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At a time of year when it’s traditional to look ahead, two bits of advice I encountered in the recent past keep springing to mind. First is the folly of predictions and forecasts even by the wisest souls since, as Margaret Heffernan notes in Uncharted, they too often miss the mark. The second is the parting lessons in Jonathan McMahon’s book Post-Pandemic, bringing together his experiences as a director of the Central Bank of Ireland during the financial crisis of 2008 and more recently what he has seen with COVID-19′s impact.

He offered 12 lessons in all but these two caught my attention:

  • Crises end but the causes endure.
  • When we fix one crisis we always create another.

I asked historian Margaret MacMillan, a professor at University of Toronto and author of Paris 1919, her thoughts on those lessons and she was less enthused. It’s not always clear what causes a crisis and we might be debating for years the role various factors played in our recent economic-social-medical disruption. And crises don’t always endure. To take a health example, we have dealt with cholera through rehydration. Indeed, history shows often the next crisis that arrives is quite different; we were, for example, dealing with other big issues – some of them seen as crises – when the coronavirus struck. “It sounds good but doesn’t tell you much,” she says of the lessons.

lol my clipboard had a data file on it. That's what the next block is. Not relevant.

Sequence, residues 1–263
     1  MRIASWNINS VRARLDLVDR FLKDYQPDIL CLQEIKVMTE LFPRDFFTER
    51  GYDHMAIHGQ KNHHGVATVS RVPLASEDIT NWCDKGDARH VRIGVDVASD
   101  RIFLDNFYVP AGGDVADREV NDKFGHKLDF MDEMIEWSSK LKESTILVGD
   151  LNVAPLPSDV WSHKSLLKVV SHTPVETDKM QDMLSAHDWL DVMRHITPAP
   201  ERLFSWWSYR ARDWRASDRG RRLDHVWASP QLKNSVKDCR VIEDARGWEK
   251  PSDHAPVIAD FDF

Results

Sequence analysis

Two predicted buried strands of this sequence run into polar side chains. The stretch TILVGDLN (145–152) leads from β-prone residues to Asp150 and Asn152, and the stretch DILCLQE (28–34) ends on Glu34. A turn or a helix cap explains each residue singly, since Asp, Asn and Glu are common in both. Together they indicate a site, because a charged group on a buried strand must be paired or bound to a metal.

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It’s also important to recognize that crises can lead to good things, not just reverberating bad stuff. “Out of great catastrophes come changes that make things better,” she says, noting how the rationing and deprivations of the Second World War set the stage for the British welfare state. If people don’t spend four hours a day commuting in future, that would be a positive impact from the pandemic.

Mr. McMahon is less optimistic than her as he looks to the 2020s. “I think it will be a Dickensian decade – the best of times and worst of times,” he said in an interview. Companies that survive through cheap financing and government support may not be able to continue when support from government disappears. New companies will emerge, as we’re seeing with ventures related to vaccines and other health solutions. We may also see debt crises for governments. It all adds up to a transformative decade.

In 2010, we couldn’t imagine the political consequences of that recession. But people who had skin in the game – owned property – did extremely well in the next 10 years while those who didn’t lost ground. That helped to fuel populism. We may see the same phenomenon occur again.

He also worries that with a vaccine emerging so quickly the impetus to manage future pandemics will be lessened. “It has not been fatal enough to shake the world into continued action,” he says. There was more collaboration internationally in 2008-2010 than we are seeing now. Yet we need a better global pandemic management system to emerge from this crisis – a health equivalent to what we have economically with the International Monetary Fund – and he doesn’t see that happening.

Roger Martin enthusiastically endorses Mr. McMahon’s two lessons noting how lower interest rates contributed to the previous financial collapse yet rather than disappearing returned to create economic imbalances in the past decade. “And what are interest rates now? Zero?” points out the professor emeritus and former dean of the Rotman School of Management. So that cause of the previous international crisis may yet endure.